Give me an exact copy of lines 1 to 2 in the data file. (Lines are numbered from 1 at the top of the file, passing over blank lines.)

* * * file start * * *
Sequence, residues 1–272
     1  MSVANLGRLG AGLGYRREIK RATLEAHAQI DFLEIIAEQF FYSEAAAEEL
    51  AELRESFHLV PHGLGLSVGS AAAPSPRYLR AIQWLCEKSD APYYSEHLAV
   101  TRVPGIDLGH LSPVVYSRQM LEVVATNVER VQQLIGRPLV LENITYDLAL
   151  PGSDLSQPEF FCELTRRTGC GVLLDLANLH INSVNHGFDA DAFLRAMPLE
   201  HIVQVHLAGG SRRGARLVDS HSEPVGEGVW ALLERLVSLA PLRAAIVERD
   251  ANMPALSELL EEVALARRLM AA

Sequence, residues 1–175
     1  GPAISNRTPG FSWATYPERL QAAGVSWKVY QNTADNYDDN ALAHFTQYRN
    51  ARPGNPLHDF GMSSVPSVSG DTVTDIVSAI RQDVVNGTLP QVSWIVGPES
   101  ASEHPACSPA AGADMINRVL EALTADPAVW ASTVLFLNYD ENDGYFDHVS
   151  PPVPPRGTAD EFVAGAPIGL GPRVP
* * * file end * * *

Sequence, residues 1–272
     1  MSVANLGRLG AGLGYRREIK RATLEAHAQI DFLEIIAEQF FYSEAAAEEL